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Old Cookbooks


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Initial post: May 13, 2012 4:06:51 PM PDT
Just Peachy says:
I inherited a love for cookbooks from my mother. I have a few older cookbooks. This weekend my mother gave me some recipes that my Granny had saved. Granny loved to cook and was a great southern cook. She was born in 1909 and passed away in 2001. I don't remember her using a recipe so this collection of recipes is a bit odd to me.

I have her Better Homes and Gardens 3-ring binder cookbook from 1946. There are also pages from other years she had put in the cookbook and some pages that she glued recipes she had cut out of magazines.

Some are very interesting and some are just gross sounding.

Olive Wreath Mold: crushed pineapple (not ours!), lime jello, american chesse, pimientos, celelry, walnuts, heavy cream and stuff olives.

Casserole with lima beans, cream of mushroom soup and hotdogs. Ewww

I just came across a 1956 version of "Chicken-a-la-king Casserole". Spanish Rice with Tongue?
1951 Quick Chow Mein - canned lunch meat, canned bean sprouts, and some seasoning. Serve over crisp Chow Mein noodles.

In reply to an earlier post on May 13, 2012 5:01:22 PM PDT
peggy says:
I can go you one better........I have a cookbook that was handed down to me from my Mother that belonged to her Great-GrandMother. There are ingredients in this one that I have never heard of and can't find on the internet!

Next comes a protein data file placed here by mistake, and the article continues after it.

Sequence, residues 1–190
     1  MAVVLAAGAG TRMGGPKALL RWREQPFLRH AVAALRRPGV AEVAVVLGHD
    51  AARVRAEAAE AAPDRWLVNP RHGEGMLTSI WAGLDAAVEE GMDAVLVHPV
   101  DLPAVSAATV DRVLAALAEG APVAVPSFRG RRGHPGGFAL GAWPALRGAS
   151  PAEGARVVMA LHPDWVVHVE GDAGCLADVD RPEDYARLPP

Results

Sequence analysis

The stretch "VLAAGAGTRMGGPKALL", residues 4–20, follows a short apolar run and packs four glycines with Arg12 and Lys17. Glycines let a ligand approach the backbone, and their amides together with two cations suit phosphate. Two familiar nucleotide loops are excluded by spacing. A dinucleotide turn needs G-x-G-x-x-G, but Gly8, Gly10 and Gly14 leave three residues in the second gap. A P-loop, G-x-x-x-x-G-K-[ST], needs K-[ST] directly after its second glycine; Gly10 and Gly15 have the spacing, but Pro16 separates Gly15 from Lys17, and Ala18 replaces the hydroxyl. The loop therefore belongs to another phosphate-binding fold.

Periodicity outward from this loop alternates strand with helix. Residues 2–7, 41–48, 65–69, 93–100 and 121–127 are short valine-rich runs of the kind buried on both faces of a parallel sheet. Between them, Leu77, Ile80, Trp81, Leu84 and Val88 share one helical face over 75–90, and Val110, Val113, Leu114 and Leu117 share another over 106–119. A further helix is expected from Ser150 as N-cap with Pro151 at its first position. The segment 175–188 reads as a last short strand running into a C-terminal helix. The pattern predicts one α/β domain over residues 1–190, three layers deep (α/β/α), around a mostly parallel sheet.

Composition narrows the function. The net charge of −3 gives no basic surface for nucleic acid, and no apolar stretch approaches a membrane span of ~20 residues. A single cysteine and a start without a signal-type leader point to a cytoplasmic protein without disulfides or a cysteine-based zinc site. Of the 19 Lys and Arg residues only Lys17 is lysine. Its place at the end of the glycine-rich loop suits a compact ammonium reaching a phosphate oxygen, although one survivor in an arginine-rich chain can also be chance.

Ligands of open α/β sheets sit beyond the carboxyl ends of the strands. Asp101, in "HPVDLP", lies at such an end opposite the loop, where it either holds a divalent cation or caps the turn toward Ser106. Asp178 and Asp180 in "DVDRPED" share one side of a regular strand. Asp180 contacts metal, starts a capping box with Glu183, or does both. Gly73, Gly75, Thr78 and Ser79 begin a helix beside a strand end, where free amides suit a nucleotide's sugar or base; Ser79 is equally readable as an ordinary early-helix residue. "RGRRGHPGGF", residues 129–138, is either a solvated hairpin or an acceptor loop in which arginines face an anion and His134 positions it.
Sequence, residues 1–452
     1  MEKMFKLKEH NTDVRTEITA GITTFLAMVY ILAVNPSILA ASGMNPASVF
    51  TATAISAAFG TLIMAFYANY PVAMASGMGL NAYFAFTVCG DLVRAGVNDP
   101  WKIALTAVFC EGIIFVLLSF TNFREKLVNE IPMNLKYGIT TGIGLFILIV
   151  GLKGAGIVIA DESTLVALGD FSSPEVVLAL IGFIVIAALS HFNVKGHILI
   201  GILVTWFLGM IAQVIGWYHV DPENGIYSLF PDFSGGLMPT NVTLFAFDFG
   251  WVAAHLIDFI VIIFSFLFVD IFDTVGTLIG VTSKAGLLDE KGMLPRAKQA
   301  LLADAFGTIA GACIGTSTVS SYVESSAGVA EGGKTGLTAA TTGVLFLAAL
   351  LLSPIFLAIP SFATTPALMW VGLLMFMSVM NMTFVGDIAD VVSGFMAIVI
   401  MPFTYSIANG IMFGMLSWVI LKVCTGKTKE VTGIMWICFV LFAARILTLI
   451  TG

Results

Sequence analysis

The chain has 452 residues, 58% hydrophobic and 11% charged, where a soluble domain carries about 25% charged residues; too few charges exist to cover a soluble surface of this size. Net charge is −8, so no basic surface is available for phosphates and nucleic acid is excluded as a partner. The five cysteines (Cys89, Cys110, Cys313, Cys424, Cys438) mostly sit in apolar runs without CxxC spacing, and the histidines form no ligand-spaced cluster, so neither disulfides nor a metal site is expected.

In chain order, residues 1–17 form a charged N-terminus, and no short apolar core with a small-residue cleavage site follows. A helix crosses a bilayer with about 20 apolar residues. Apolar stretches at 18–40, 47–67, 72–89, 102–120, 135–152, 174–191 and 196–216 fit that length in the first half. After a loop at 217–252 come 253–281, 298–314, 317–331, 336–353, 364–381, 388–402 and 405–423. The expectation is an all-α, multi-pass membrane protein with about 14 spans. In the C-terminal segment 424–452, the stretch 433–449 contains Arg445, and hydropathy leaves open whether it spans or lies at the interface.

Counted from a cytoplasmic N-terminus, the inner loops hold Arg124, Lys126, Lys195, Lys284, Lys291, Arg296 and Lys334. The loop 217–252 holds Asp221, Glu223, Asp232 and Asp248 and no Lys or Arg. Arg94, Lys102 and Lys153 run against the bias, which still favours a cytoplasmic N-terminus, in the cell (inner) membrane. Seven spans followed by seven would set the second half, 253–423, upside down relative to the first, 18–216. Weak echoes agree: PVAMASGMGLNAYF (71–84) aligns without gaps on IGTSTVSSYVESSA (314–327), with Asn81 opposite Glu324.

Posted on May 13, 2012 6:53:58 PM PDT
Both sweet and savory gelatin molds were very popular in the 40's and 50's. Especially savory ones with chicken meat and olives and nuts and of course, Miracle Whip (Ugh!). I have an old Better Homes & Garden 3-ring binder cookbook from the 1950's that has an entire chapter of them. I'm not into the gelatin thing at all but this book has the best piecrust recipe ever which I turn to for almost every pie I make. The lemon merengue pie recipe is a family tradition as well. No holiday goes by without at least one of them on the table. Also, the best pickle recipes are in this cookbook. Recently, our oldest niece gathered all of my deceased mother-in-law's hand written recipes and scanned them into her computer so she could print off copies for everyone in the family. Several of them are hard to read due to faded ink or pencil of the original recipe. But one in particular has everyone stumped simply because it appeared to be written down in haste and we cannot make out some of the words to make any sense. The best we can make out is something called "Bevagoo". It is now a running joke of sorts when the family gets together, someone will casually ask if they've attempted the "Bevagoo" recipe yet.